Every solar array starts with the first panel even one thats over 2000 panels.
Construction on the country’s largest solar panel roof is underway with the first of over 2000 panels installed. The equivalent of 14 netball courts of solar panels will power Foodstuffs’ new North Island support centre, and is scheduled for completion by Christmas. The panels will be placed on Foodstuffs’ distribution centre, which is located near Auckland International Airport.
It is great to see this type of commercial installation. Congrats to Revolve Energy . Its a further endorsement of Solar as an investment that not only provides power for facilities but a solid return for the investment
Technically known as a photovoltaic (PV) array, the system is made up of 2915 solar panels covering a total area of about 6000 square metres, which would be enough to power 213 average-sized new homes.
A new home use in kWh is 7000/year, then 213 homes, 1491000, i.e. about 1.5 GWh/year.
To drive in kms an EV car is 6 km/kWh, then 8800000 kms, 1466666 i.e. about 1.5 GWh/year.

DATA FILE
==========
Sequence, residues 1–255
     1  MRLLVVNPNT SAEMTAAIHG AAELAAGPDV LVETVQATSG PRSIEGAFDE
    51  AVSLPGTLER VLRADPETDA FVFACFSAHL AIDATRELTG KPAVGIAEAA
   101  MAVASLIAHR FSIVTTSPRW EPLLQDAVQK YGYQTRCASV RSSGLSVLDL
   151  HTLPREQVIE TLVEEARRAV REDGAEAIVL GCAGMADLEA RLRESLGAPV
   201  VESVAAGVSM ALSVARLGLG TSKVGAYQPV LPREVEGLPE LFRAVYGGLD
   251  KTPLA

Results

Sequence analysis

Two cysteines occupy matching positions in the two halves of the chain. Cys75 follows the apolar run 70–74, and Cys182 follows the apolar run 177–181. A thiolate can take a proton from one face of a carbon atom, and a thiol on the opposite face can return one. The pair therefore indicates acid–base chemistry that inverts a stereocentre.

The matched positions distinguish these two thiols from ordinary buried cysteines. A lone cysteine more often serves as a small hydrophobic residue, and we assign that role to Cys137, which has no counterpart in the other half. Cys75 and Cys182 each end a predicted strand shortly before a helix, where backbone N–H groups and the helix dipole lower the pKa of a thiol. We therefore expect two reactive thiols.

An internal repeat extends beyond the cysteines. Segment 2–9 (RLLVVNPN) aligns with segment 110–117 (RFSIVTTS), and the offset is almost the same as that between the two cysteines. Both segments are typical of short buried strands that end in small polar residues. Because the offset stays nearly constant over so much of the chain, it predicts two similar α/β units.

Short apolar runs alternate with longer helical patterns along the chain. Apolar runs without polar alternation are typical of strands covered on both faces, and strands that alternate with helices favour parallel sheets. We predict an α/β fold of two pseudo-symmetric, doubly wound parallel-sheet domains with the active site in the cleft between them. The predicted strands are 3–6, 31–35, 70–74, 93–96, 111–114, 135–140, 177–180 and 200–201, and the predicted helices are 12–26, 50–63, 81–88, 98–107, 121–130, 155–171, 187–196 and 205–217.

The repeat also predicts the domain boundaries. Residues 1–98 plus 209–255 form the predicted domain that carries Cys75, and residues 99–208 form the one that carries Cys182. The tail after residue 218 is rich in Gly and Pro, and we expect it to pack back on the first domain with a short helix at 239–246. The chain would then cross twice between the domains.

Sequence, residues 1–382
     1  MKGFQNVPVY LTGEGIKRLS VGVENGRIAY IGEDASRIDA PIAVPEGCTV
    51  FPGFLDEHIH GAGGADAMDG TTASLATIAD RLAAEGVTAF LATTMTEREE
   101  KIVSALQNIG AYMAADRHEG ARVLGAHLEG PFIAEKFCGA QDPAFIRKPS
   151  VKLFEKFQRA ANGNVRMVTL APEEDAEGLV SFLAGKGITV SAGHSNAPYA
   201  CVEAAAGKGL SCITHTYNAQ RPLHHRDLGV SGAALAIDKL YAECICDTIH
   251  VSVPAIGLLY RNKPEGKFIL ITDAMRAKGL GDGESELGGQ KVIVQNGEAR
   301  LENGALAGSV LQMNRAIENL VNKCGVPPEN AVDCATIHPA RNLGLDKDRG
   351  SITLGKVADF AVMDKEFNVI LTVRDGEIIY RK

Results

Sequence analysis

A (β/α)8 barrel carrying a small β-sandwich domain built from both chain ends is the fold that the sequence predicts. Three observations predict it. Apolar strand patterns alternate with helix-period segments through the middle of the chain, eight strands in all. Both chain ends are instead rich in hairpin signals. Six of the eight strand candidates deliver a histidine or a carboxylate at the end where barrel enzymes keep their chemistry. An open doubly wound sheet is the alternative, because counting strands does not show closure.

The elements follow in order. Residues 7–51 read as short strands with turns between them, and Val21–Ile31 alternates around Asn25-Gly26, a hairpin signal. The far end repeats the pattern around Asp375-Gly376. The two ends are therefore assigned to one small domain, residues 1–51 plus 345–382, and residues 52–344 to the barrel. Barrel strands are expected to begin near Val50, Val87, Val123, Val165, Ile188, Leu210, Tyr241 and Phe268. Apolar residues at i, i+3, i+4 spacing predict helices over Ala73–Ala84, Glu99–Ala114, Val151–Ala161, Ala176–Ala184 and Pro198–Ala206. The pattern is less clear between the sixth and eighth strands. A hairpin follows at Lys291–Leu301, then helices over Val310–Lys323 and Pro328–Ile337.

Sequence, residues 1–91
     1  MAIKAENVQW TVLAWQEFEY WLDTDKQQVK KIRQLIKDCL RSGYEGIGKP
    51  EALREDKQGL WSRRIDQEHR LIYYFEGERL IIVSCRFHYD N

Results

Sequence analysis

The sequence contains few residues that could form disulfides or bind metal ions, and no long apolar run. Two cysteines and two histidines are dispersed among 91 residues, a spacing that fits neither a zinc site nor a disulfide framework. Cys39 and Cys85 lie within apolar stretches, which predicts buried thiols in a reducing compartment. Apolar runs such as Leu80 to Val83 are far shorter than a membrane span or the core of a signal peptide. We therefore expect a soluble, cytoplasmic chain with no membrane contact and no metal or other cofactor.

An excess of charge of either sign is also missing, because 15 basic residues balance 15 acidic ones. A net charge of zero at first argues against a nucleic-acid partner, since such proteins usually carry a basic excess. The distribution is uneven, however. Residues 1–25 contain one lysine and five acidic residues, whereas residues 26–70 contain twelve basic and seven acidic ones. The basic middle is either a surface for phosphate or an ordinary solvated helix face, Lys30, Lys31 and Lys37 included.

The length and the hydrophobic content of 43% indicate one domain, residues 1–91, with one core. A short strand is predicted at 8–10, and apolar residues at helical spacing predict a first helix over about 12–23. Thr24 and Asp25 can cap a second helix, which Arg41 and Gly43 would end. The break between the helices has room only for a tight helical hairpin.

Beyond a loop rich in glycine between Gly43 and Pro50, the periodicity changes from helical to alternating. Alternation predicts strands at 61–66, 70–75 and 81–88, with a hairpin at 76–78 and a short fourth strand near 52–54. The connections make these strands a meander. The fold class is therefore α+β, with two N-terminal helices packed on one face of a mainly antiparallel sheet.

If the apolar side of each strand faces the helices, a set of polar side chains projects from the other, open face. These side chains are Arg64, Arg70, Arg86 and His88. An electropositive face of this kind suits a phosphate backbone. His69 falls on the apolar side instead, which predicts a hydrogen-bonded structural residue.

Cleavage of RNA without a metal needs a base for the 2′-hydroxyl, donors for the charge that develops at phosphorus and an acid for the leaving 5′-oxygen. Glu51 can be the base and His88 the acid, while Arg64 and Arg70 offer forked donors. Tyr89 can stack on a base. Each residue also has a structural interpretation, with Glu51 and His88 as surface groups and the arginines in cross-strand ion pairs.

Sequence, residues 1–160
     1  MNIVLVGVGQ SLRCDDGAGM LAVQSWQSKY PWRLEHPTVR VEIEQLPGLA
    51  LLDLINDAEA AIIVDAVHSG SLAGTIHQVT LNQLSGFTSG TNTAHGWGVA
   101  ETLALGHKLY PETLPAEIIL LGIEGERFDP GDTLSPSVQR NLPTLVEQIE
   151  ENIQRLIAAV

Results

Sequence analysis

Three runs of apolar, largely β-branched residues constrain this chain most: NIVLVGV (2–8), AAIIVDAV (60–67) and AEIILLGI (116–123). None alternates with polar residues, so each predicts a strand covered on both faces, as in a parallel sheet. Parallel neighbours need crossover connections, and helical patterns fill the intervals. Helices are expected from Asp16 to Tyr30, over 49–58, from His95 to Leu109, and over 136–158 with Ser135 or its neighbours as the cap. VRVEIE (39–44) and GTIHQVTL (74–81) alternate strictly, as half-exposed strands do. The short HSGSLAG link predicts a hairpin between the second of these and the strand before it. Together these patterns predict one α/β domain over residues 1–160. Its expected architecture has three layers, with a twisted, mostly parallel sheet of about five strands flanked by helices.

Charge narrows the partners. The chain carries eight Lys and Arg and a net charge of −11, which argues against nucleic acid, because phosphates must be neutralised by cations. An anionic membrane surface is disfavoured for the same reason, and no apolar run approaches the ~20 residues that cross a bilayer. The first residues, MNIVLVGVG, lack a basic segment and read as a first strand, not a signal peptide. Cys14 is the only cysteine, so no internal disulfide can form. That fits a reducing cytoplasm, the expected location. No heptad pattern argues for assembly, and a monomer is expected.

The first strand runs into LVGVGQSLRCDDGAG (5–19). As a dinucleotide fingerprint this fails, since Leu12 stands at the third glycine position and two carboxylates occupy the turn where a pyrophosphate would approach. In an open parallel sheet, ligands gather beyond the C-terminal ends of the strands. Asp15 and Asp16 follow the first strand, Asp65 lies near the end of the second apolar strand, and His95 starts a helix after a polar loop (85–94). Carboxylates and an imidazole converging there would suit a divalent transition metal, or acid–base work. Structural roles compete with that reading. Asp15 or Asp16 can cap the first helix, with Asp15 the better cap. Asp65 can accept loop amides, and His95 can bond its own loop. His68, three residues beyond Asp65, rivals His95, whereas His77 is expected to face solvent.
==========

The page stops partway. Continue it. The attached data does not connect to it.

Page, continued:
If kWh per square metre per year is 255, then 6000 sqm’s of pvs, 1530000, i.e. about 1.5 GWh/year.
Rowles said the “major” solar panel installation was the first of its kind in terms of scale in the country, and was in line with its work towards being a more sustainable business. The new 74,886sqm distribution centre will consolidate three existing North Island centres onto one site. The solar panels will generate enough electricity a year to drive 8.8 million kilometres in an electric car, Rowles said.
Any excess electricity will be sold into the national grid.
Simon Wilson, of RDT Pacific, the director and sustainable development adviser for the project, said the fact the system was economically viability for Foodstuffs signalled that a turning point in the industry had been reached. “As a major electricity consumer, Foodstuffs has obvious purchasing leverage [but] the solar option still stacks up. For this reason, this renewable energy solution should be attractive to many more businesses.”